Marcus Spears, Cowboys defensive end: If he signs his tender, he'll make less money in 2010 than two backups at defensive end, Stephen Bowen and Jason Hatcher. The Cowboys only gave Spears a first-round tender and it doesn't look like they're interested in giving him a contract extension. If Spears had been an unrestricted free agent, I think he would've generated some interest on the open market. He actually played well for the Cowboys in 2010. But he's obviously discouraged at this point and I think the Cowboys would be willing to trade him for a third-round pick. Spears has been a solid presence in the locker room, but apparently Wade Phillips thinks that Bowen and Hatcher are about to surpass him. We'll continue to monitor Spears' situation throughout the offseason.

Rising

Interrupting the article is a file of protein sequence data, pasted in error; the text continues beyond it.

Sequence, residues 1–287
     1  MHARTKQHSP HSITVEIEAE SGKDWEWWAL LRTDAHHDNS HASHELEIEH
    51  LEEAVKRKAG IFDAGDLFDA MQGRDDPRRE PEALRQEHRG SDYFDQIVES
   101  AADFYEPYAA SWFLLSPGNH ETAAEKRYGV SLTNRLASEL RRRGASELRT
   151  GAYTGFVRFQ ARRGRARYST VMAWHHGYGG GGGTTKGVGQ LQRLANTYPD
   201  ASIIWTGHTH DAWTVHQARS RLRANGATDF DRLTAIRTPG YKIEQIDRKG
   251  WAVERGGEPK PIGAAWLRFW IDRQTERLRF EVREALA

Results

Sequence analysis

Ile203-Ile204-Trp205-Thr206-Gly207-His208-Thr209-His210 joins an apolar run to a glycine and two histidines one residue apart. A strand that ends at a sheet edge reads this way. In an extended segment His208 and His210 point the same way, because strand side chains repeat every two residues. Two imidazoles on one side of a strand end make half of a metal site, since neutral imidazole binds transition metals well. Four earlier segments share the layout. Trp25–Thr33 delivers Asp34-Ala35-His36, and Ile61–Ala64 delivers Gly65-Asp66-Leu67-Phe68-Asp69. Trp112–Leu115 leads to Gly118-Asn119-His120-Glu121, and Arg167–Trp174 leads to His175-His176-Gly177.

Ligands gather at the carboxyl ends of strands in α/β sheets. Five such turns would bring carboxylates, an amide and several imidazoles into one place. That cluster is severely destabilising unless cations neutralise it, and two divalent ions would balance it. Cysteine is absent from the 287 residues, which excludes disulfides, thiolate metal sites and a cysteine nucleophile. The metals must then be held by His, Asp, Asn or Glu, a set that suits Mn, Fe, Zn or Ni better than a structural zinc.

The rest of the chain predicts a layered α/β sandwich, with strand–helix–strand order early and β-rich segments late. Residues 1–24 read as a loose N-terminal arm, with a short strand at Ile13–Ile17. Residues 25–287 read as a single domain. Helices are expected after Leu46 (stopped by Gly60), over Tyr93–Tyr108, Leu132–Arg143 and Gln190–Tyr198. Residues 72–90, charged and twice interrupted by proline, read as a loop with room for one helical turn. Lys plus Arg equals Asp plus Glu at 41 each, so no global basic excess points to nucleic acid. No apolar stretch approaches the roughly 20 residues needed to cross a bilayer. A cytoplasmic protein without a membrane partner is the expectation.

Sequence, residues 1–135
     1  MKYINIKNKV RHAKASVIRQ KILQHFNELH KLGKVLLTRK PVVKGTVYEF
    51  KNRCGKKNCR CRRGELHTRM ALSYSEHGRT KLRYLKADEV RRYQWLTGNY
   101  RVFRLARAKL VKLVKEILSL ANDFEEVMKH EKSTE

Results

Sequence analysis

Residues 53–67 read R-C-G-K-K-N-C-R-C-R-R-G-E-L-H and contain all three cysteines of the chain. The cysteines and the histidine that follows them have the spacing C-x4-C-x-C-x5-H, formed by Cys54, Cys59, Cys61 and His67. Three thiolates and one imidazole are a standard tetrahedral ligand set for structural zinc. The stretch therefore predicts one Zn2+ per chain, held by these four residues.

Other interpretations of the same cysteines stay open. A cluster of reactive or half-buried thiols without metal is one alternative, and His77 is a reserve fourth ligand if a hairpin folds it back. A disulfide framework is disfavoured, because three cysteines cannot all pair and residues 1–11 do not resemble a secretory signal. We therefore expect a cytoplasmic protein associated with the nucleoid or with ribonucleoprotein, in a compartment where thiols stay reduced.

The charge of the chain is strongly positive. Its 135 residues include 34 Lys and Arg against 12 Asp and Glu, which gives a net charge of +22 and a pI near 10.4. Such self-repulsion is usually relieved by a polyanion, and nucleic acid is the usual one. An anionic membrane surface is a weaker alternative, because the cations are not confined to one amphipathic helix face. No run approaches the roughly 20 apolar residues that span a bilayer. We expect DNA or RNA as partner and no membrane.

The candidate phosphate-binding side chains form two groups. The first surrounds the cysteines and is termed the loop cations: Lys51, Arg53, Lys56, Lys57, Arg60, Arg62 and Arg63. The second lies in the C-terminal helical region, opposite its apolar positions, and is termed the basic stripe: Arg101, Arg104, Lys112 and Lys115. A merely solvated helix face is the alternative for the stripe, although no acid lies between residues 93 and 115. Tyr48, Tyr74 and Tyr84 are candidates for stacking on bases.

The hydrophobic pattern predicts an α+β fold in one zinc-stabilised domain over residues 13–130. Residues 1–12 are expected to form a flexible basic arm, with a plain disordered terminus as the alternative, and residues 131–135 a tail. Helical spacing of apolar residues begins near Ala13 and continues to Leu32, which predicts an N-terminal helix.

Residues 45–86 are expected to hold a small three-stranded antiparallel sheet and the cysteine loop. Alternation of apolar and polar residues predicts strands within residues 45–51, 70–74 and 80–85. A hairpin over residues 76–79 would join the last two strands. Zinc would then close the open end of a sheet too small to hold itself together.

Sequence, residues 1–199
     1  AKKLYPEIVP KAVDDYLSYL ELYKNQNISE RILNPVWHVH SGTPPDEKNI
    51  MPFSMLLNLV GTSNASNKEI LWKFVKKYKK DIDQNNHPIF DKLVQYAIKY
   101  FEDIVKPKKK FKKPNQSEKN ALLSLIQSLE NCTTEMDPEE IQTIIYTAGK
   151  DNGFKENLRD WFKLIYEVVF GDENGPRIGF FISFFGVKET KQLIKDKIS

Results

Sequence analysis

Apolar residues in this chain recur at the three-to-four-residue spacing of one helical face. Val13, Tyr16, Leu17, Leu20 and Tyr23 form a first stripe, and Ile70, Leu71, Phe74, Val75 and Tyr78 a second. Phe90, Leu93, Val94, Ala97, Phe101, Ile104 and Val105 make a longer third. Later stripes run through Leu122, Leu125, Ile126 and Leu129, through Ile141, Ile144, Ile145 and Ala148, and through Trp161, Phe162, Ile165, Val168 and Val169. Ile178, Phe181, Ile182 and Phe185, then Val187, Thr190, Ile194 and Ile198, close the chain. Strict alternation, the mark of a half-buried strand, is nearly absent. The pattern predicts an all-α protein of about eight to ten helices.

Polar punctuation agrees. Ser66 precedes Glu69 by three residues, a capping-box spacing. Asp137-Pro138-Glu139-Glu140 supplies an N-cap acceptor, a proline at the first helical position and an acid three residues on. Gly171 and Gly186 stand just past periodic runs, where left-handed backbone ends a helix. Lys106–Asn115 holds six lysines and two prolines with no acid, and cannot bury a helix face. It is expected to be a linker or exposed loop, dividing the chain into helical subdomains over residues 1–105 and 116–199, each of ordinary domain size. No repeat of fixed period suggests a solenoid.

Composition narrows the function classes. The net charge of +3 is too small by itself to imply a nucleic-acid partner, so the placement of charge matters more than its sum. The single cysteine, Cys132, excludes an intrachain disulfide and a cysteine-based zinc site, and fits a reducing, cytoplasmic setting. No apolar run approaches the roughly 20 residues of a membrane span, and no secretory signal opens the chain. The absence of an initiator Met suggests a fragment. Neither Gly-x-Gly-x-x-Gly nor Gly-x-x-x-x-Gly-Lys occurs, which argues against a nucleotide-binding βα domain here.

Howie Roseman, new Eagles' general manager: I think it was smart to lock up fullback Leonard Weaver and wide receiver Jason Avant early in free agency. Why take a chance on someone trying to sign them to an offer sheet. I also think that Saints restricted free agent Mike Bell could be an excellent change-of-pace back to LeSean McCoy. The Eagles need someone who can convert in goal-line situations. The Super Bowl aside, Bell has been a solid runner at the goal-line and he could help the Eagles in other short-yardage situations. I also think Marlin Jackson was a good risk at free safety. He's a 26-year-old player coming off an ACL injury. There's certainly a risk involved, but he'll end up being a steal if he can restore order to the position opposite Quintin Mikell. And no matter who made the decision, it was time to move on without former Pro Bowler Shawn Andrews. Now we'll continue the quarterback watch. If the right deal comes along, I think Roseman will want to take a long look. With Andy Reid having final say, it's hard to know who's pulling the trigger on these deals. But from what I'm hearing, Roseman's been very assertive in his new role.